Me, I decided to skip past all the speculation and borderline-paranoid theories that have always arisen (”always” meaning “in the last 200 years or so”) whenever Google decided to change things around (SEO is a universe in perpetual change: deal with it), and give some practical advice on when and how, in my opinion, you should or should not use the “rel=nofollow” attribute. Nothing really new here; just my own little cheat sheet for the do’s and don’ts of nofollow, covering its most common uses and misuses.
Do not use nofollow
Post continued here: Rel=nofollow cheat sheet: when and how you should (not) use it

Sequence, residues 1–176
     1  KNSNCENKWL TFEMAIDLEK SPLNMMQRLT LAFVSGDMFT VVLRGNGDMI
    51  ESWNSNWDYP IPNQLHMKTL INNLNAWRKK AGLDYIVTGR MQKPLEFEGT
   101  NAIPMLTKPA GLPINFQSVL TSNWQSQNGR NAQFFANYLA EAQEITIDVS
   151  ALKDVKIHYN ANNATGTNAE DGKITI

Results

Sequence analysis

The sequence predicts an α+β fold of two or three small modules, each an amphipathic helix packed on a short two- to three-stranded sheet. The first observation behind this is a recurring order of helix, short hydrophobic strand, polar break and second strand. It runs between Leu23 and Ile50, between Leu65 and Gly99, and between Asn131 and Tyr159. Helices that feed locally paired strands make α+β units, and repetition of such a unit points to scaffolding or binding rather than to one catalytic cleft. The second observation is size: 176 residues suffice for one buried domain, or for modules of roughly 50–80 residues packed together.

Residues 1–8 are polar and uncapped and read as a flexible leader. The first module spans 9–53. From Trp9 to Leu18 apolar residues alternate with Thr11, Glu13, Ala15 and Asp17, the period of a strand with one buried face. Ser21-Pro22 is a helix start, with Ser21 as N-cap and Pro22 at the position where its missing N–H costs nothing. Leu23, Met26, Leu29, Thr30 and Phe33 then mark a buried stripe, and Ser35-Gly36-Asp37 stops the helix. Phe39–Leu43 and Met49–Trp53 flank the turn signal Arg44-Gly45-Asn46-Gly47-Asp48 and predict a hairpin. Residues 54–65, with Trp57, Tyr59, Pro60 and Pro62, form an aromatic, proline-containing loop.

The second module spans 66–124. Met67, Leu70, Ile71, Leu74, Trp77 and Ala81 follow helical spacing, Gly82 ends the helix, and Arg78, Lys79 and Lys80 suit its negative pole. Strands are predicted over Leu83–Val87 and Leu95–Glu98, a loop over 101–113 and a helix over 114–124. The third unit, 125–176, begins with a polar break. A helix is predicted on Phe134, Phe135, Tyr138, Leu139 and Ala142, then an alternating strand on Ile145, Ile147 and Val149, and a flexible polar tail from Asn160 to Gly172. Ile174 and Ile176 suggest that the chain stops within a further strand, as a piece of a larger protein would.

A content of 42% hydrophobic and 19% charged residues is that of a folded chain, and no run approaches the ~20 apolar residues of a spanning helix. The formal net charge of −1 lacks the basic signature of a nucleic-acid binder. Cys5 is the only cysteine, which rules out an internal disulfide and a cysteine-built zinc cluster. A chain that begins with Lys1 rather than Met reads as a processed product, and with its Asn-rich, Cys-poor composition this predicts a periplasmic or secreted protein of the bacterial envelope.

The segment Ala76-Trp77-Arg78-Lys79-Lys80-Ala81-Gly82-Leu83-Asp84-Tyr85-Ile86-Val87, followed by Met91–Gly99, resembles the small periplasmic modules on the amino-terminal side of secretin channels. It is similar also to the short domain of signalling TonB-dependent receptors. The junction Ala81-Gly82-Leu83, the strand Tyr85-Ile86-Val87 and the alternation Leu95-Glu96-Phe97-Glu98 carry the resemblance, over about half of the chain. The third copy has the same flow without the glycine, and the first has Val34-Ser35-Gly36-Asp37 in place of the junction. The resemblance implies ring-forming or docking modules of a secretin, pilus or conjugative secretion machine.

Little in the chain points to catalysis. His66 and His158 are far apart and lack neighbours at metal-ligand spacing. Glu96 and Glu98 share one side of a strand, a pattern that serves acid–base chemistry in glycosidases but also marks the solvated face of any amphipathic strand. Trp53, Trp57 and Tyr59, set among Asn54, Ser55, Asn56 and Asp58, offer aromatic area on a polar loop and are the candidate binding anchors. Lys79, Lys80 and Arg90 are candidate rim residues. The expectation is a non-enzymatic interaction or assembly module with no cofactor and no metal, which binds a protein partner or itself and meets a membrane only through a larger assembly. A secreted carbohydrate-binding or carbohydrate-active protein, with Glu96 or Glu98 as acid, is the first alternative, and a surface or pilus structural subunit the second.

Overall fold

- On internal links:
- For sculpting your PageRank (i.e., to “save” PR for your other links): ’nuff said.
- For siloing your theme: “theme siloing” is so 2005 a technique (and a couple of things have changed on the Web in the last four years, you know), although I agree it can still prove effective in a few cases; if that’s your case, however, you’ll want to go for a well-designed site structure in the first place.
- To link to pages whose contents you don’t want to show up in the SERPs: there’s....
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